My question ( ha! finally :roll: ): would you speak just a little about Wayne’s feelings for Maureen O’Hara? ( I saw her at the festival as well. ) See, I’m going through my mental Rolodex of John Wayne opposite Ella Raines and Donna Reed and Coleen Gray and ( the poignant ) Gail Russell, and Claire Trevor; I’m thinking as I seriously start to explore his movies, I want to focus more on his romantic portrayals opposite these leading ladies and others. Yes Gable and Cooper and Grant and McCrea are a piece of cake to picture romantically. But John Wayne's got something too! I was very struck and emotional seeing “The Man Who Shot Liberty Valance” a couple of years ago, and his giving up Vera Miles. Or him dropping to his knees at the burned cabin in “The Searchers.” I’m also remembering how great he was opposite Paulette Goddard in “Reap the Wild Wind.”

Yes he’s a big strong man and will be a caveman if that’s a lady’s preference. But I see he can be crushed by a woman as well. If you have a moment, would you speak briefly of your take on his Romantic Side in films...and anything you might wish to add specifically re: his feelings for Maureen O’Hara. Thanxx so much.
"You build my gallows high, baby."

http://www.megramsey.com

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Scott_Eyman
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Re: Welcome to Scott Eyman, Our Guest Author May 8-9

Postby Scott_Eyman » May 9th, 2014, 12:25 pm

Hi Cinemaven,

Welcome to the large roster of fans of The Quiet Man.
Wayne adored O"Hara, plain and simple. They shared a clear view of life and of acting - get up and get on with it. Or, as the Brits say, keep calm and carry on.
I think Wayne is a very romantic actor, more in his early and middle phases than later on, when he became increasingly embarassed about a man his age playing love scenes. (That same embarassment drove Cary Grant right out of the movie business.) The right woman brings out a gentle quality; even his voice changes. I think Angie Dickinson put it best when she told me, "He was not a man you fell into bed with. He was a man you fell in love with."
Of course, Dietrich would have disagreed with her...
Check out Without Reservations with Claudette Colbert, and I think you'll see what I mean.

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Scott_Eyman
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Re: Welcome to Scott Eyman, Our Guest Author May 8-9

Postby Scott_Eyman » May 9th, 2014, 12:38 pm

Miss Goddess,

I think Jimmy Grant was a good writer who probably could have been a better writer if he hadn't spent so much of his life drunk, not to mention tied to Wayne's apron strings. For instance, his last script was for the James Garner "Support Your Local Sheriff" which is a low-key delight.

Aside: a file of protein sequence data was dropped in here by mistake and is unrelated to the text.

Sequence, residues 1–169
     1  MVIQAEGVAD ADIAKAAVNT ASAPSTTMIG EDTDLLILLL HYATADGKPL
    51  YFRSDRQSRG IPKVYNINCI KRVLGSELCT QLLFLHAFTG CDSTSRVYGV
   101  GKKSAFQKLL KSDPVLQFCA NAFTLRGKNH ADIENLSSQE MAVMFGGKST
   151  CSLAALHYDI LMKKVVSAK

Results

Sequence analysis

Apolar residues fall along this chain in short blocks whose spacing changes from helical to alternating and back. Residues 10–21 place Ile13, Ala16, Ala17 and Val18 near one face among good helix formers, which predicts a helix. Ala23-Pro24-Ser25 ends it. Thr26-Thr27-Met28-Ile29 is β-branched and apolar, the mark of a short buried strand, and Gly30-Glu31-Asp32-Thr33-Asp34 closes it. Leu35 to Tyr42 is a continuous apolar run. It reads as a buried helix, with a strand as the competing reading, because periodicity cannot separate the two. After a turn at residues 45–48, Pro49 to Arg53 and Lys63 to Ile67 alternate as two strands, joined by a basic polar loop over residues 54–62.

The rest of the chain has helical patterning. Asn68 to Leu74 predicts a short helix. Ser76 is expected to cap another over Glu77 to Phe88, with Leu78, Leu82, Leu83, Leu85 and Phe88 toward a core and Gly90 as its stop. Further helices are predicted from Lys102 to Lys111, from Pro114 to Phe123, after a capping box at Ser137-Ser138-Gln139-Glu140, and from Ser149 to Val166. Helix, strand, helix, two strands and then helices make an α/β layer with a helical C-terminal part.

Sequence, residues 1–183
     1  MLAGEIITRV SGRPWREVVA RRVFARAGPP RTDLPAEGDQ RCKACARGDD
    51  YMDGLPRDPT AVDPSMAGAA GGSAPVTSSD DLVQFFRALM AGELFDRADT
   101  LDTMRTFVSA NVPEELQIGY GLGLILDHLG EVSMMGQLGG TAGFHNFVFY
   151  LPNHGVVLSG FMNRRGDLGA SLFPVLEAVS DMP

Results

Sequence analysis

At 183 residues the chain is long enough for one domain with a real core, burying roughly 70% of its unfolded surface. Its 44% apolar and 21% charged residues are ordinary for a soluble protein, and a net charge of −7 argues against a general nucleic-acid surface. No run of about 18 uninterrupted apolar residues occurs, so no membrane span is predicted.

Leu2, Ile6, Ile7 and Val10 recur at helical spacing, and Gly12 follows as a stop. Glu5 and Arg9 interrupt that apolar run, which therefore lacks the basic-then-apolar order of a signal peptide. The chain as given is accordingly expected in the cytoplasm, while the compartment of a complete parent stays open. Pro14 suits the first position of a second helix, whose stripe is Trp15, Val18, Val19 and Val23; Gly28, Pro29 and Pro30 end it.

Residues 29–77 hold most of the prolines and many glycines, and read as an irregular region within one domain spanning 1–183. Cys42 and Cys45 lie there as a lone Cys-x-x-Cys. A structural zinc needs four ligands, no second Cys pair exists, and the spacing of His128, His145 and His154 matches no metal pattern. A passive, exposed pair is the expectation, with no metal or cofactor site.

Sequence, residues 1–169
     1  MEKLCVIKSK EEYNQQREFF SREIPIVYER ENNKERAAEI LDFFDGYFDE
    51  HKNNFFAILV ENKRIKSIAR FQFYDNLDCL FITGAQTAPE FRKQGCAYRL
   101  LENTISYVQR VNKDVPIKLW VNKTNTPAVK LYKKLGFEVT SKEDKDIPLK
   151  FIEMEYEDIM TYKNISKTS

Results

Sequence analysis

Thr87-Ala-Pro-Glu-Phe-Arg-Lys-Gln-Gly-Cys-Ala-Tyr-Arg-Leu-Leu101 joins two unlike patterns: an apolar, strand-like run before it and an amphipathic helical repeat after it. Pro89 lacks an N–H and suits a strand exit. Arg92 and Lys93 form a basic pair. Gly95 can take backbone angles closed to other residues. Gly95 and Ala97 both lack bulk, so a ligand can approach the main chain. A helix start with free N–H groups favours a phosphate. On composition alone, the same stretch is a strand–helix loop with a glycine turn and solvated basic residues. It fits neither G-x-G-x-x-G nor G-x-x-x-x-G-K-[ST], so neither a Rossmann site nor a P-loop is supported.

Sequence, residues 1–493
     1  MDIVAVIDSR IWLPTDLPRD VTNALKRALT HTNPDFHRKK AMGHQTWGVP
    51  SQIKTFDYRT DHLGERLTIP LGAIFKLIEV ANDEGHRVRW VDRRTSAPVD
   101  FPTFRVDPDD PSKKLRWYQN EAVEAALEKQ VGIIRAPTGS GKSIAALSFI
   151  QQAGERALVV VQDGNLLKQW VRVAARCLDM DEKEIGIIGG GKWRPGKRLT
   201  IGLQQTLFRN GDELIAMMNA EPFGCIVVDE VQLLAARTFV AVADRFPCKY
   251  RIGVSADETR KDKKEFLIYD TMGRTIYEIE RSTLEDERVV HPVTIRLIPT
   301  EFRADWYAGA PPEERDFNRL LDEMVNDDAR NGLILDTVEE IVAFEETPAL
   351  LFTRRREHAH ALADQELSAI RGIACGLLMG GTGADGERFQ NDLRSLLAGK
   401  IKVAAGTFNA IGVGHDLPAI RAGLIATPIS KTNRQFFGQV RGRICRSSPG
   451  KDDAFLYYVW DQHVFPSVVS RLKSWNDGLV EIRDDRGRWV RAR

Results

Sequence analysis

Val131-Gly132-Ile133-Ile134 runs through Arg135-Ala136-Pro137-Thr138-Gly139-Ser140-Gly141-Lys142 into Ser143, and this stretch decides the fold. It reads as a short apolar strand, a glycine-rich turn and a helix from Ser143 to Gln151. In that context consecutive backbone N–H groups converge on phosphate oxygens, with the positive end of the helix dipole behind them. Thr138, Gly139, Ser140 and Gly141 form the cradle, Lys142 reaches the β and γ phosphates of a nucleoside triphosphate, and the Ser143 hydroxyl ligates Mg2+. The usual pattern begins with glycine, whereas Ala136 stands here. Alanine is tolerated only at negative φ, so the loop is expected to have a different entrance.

But he went for the sure thing and became an in-house rewrite man for Wayne. Which is not unusual; many movie stars have writers they depend on to polish their scripts.For years, Sean Connery kept John Milius employed for uncredited rewrites.
I think Hondo is an excellent script, and an excellent movie, except for the ending, which isn't really there because Grant was too drunk to write it. The Alamo...well, let's just say that it's not Grant's finest work and let it go at that.

Regarding The Conqueror...who knows. Wayne smoked four packs a day of unfiltered Camels for nearly 40 years, which seems to me to be more likely to be the cause of his cancer than a few weeks spent in Utah shooting locations for a movie. But its one of those urban legends of the movies that won't die - like John Gilbert's high-pitched voice - largely spread by people who don't know anything about the movies.

Funny you should ask. My agent keeps nudging me to write something besides movies. "You're too good to limit yourself that way," he says. He's even suggested a few topics. I don't know. He might be talking economics, while I'm talking passion.
Stay tuned.

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Re: Welcome to Scott Eyman, Our Guest Author May 8-9

Postby kingrat » May 9th, 2014, 1:24 pm

Scott,

Thanks so much for chatting with us. This has been so informative and so much fun.

What did John Wayne think about Reap the Wild Wind, and did he enjoy working with Paulette Goddard and Ray Milland? I enjoy this variation of GWTW quite a bit.

In his new book Five Came Back, Mark Harris mentions that Wayne was classified 3-A when the war began because he had several dependents. Apparently Wayne was later reclassified 1-A.

You mentioned Herbert Swope Jr. I always enjoyed the work of his daughter, Tracy Brooks Swope, when she was on a soap in the early 70s and thought she was going to be a big star. (Well, she should have been!)

Thanks,

David